Living in Ontario

 Living in Ontario

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Elementary and Secondary School

Ontario's public school system is funded through taxes. The public school system offers quality education to 97% of Ontario's children. As a work permit holder your children may attend school in Ontario at the primary or secondary level without the need for a study permit or payment of fees.

Post-Secondary Education

There are 19 universities and 24 colleges in Ontario. Dependants may enrol at the post-secondary level, subject to admission criteria set out by the school. A study permit is required for all foreign students at the post-secondary level.

Health Insurance

As a work permit holder, you and your dependants are eligible for publicly funded health care under the Ontario Health Insurance Plan (OHIP) which provides free basic health care services such as doctor or hospital visits. To qualify, your work permit must be valid for at least 6 months. OHIP coverage does not apply for the first 90 days after arrival so it is advised that private coverage be arranged prior to coming to Ontario or within the first 5 days after arrival.

Driver's Licenses

Visitors to Ontario may drive with a foreign license for up to one year provided their licence is valid and accompanied by an international driver's permit. Residents of Ontario who wish to drive must apply for an Ontario driver's license. A foreign driver's license is only valid for 60 days after arriving in Canada. All applicants for an Ontario driver's licence are required to present a valid foreign driver's licence, pass a vision test and a written knowledge test regarding Ontario's traffic rules, pay all applicable fees and provide proof of identity. Licensed drivers with at least two years of driving experience from the USA, Australia, Austria, Belgium, France, Germany, Great Britain, the Isle of Man, Japan, Northern Ireland, Korea and Switzerland may get full class licence privileges without taking a knowledge or road test. Drivers from other countries must present official, written confirmation of their driving experience.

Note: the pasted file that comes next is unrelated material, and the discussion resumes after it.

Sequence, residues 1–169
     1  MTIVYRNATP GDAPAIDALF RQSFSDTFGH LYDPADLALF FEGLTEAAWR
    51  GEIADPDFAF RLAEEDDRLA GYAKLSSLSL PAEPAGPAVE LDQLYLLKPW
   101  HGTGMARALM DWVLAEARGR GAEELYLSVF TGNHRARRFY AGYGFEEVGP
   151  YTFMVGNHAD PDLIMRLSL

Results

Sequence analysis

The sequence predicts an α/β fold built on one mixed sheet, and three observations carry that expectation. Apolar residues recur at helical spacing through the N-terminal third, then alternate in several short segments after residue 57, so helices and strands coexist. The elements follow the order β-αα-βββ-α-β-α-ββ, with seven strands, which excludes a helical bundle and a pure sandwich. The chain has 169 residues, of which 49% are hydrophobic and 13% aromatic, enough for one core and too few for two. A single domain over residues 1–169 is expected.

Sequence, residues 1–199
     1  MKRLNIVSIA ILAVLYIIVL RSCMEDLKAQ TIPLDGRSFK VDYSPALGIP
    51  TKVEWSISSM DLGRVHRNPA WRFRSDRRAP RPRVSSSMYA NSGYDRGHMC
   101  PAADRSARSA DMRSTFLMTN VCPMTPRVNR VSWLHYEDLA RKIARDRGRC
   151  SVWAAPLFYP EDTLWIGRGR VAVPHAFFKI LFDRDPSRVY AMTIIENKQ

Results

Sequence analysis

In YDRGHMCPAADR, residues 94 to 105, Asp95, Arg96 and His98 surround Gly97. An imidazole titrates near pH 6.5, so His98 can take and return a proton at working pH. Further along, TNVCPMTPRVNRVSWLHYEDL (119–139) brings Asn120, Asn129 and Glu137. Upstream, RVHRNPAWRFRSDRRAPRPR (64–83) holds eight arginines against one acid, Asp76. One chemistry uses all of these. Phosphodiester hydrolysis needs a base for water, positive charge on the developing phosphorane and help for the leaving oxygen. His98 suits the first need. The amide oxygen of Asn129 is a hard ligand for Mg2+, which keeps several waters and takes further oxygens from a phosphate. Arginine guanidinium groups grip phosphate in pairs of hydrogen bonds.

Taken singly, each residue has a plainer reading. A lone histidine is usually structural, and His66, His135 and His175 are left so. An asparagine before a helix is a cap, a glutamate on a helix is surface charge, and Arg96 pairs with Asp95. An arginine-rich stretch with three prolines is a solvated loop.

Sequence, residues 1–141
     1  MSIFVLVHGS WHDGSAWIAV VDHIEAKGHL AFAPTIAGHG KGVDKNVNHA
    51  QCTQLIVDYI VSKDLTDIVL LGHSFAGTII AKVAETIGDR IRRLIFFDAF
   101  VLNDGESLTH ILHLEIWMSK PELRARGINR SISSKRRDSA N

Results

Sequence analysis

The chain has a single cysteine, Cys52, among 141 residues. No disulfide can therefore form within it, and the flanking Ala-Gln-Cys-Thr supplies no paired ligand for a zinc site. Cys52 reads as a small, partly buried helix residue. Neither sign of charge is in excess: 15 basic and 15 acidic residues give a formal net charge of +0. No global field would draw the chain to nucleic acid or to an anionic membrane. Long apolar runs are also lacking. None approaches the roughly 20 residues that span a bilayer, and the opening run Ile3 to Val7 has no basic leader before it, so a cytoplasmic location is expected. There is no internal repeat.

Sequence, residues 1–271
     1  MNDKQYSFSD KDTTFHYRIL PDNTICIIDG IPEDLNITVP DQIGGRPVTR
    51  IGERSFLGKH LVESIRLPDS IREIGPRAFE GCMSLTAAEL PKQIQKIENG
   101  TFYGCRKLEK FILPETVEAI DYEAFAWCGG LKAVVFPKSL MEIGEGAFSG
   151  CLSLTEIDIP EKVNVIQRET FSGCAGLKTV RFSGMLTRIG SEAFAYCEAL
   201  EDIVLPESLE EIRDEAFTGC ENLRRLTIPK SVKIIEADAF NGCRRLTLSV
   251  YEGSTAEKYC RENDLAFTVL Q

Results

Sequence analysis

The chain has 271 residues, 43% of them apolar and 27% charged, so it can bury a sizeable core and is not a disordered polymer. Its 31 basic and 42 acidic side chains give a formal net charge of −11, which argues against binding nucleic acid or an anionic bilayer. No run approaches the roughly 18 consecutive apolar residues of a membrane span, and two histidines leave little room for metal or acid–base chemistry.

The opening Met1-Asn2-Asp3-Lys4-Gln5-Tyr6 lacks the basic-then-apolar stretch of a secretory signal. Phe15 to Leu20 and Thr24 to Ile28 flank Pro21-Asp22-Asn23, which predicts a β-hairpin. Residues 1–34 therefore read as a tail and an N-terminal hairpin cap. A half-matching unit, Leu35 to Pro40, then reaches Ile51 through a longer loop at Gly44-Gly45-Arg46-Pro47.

Social Insurance Number

Everyone who works in Canada is required to have a Social Insurance Number (SIN). This is a nine-digit number used to identify people who earn money through work, pay taxes and use government services. A SIN should be applied for immediately upon obtaining a work permit or confirmation of permanent residence. This can be done at any Service Canada Centre.

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